The COVID-19 pandemic has changed the way people live, work and interact. It has now also changed (thankfully this is just temporary) the way we stream content.
If you wondered why Suits isn’t streaming in HD or 4k on Netflix, it is not because your internet is slow, but because the European Commission (EC) requested it. On the 19th of March, the Commission requested streaming services and telecom operators to throttle their data streams.
Netflix was the first to comply, and now Amazon Prime and YouTube have also jumped on board. This means that all video content will only be available in Standard Definition (SD), at least for the next 30 days.
Throttling for a purpose
“As a result of social distancing measures put in place across Europe to fight the Coronavirus pandemic, the demand for Internet capacity has increased, be it for teleworking, e-learning or entertainment purposes. This could put networks under strain at a moment when they need to be operational at the best possible level” the EC said in a statement.
The call from Internal Market Commissioner Thierry Breton, will help ensure that mobile networks are still able to function at their optimum level.
As more and more people work from home, and children are kept away from school, streaming services are turning into the number one source of entertainment.
The more people turn to services like Netflix, the more the strain on the global internet system. This is because HD video takes up more data than other content on the internet.
One minute of HD video at 720p can consume around 20-45MB of data, which equates to 1.2-2.7GB per hour. Now imagine a few hundred thousand people streaming videos at that rate at the same time.
If streaming services take up all the internet bandwidth, critical services that rely on the internet can often be slowed down or blocked.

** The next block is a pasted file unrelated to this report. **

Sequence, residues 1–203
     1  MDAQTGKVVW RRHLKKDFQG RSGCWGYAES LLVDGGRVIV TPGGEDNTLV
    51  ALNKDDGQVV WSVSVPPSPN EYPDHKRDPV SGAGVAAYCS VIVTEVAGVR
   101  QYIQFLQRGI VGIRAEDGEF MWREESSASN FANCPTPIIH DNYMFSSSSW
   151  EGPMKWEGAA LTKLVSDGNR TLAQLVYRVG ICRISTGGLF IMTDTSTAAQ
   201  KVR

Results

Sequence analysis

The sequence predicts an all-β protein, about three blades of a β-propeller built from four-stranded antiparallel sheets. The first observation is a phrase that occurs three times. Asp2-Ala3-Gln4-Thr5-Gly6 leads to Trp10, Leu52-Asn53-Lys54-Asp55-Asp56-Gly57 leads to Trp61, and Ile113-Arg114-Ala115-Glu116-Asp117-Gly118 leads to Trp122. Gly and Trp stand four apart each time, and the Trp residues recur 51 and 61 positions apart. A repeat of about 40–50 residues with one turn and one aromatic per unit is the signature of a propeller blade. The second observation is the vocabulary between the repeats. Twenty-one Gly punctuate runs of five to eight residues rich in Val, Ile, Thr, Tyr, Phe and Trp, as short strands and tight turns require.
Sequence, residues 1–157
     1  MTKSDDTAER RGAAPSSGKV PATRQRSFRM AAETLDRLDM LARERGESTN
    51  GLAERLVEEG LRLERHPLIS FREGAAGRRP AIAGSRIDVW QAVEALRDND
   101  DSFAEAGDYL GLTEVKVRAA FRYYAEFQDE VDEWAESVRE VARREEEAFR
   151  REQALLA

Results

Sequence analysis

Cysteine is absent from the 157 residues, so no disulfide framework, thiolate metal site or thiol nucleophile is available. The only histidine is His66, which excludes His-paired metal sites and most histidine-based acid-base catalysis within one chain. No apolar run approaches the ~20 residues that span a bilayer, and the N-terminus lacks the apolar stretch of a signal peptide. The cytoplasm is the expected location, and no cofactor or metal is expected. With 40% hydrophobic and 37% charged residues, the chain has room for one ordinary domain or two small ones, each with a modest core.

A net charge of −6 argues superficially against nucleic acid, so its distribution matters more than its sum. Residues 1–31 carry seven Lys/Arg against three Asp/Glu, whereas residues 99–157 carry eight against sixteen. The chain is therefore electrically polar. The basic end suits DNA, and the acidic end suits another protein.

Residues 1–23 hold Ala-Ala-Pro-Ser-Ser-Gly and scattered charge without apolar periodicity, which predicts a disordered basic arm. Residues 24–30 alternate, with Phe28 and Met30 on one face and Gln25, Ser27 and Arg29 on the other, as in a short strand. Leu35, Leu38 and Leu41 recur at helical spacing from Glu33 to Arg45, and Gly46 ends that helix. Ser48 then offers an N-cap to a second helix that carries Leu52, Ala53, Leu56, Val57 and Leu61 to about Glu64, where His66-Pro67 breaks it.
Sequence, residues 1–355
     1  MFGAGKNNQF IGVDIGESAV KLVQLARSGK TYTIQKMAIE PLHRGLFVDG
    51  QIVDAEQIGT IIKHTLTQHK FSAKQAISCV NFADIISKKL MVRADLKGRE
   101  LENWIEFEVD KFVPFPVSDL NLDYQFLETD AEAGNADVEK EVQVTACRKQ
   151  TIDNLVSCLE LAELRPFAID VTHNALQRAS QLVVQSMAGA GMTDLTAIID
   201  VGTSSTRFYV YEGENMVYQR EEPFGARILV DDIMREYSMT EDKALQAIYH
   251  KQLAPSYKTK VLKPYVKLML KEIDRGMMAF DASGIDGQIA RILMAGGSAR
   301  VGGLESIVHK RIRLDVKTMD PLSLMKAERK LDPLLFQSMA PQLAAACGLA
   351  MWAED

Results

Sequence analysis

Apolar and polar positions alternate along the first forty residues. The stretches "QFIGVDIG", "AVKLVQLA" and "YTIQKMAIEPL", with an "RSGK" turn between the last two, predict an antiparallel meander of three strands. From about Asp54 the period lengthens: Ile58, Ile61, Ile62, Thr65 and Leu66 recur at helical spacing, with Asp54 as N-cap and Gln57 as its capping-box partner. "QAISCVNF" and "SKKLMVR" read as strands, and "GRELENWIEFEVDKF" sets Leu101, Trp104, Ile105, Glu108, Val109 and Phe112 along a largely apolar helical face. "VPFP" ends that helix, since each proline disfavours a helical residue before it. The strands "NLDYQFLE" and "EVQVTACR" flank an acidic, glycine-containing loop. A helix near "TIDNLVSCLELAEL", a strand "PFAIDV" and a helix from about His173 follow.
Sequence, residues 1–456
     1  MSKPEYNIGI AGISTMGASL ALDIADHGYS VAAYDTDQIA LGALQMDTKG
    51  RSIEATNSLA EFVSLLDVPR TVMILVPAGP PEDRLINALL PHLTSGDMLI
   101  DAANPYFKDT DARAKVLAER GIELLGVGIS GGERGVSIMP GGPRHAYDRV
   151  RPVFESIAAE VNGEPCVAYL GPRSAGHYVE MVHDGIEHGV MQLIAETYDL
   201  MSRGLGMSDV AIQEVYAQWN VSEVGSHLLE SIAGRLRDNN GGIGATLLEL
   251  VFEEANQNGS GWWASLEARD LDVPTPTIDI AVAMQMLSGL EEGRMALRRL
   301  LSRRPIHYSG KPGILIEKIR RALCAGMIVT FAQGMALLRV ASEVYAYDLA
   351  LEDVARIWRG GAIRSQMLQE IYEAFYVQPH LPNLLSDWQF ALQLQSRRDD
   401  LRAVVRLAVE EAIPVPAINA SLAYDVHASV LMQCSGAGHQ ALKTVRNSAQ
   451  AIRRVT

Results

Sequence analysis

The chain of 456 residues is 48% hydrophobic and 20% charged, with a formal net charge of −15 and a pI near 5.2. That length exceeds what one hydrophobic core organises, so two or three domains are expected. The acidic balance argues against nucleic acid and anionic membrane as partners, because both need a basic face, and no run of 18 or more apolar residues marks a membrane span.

Many first responders and government departments are turning to digital tools and platforms to help combat the virus. Without the internet, their job becomes extremely difficult.
The NHS for example, is rolling out free access to Microsoft Teams to its employees, and all NHSmail users. Organisations that do not use NHSmail can also take advantage of free access to Teams, by applying to Microsoft.
Alibaba, the Chinese e-commerce giant, is also offering European healthcare systems access to its cloud-based diagnostic tool. It has already presented its machine learning- based software to hospitals in France and Italy.
Internet bandwidth is also essential for the millions of students who are engaged in e-learning, as universities and schools begin shutting down.
Right now, the BBC is also debating whether to introduce data throttling measures. BBC’s iPlayer is the largest streaming service in the UK, with 11.5m users daily as per their performance report.
Disney+, which launches in Western Europe on March 24 is also debating whether to introduce such a measure. In contrast, BritBox, the joint venture between ITV and the BBC said it will not introduce any such measures.
“We have not reduced or restricted our highest-quality streams on BritBox, which are full high-definition, but will keep the situation under review including any official guidance or feedback from partners and suppliers,” a spokeswoman told The Guardian.
Jump in internet calls
Social distancing and self-quarantine has also led to a jump in the number of Voice over Internet Protocols (VoIP) calls being made, through services like FaceTime, Skype and WhatsApp.